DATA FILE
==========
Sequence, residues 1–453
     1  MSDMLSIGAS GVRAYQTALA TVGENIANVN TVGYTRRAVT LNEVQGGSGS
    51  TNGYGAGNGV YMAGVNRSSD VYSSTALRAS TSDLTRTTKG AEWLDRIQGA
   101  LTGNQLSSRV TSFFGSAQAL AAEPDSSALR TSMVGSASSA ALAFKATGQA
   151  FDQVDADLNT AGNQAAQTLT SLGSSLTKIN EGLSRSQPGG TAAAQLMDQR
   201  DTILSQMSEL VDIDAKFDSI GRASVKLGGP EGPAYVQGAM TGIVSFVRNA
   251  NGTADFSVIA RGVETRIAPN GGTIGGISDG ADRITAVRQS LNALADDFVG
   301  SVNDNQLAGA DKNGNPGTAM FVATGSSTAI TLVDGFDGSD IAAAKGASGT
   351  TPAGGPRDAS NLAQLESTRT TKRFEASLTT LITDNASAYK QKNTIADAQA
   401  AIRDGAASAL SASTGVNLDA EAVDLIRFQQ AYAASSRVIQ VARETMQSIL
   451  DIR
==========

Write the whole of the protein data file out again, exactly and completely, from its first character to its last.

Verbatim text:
Sequence, residues 1–453
     1  MSDMLSIGAS GVRAYQTALA TVGENIANVN TVGYTRRAVT LNEVQGGSGS
    51  TNGYGAGNGV YMAGVNRSSD VYSSTALRAS TSDLTRTTKG AEWLDRIQGA
   101  LTGNQLSSRV TSFFGSAQAL AAEPDSSALR TSMVGSASSA ALAFKATGQA
   151  FDQVDADLNT AGNQAAQTLT SLGSSLTKIN EGLSRSQPGG TAAAQLMDQR
   201  DTILSQMSEL VDIDAKFDSI GRASVKLGGP EGPAYVQGAM TGIVSFVRNA
   251  NGTADFSVIA RGVETRIAPN GGTIGGISDG ADRITAVRQS LNALADDFVG
   301  SVNDNQLAGA DKNGNPGTAM FVATGSSTAI TLVDGFDGSD IAAAKGASGT
   351  TPAGGPRDAS NLAQLESTRT TKRFEASLTT LITDNASAYK QKNTIADAQA
   401  AIRDGAASAL SASTGVNLDA EAVDLIRFQQ AYAASSRVIQ VARETMQSIL
   451  DIR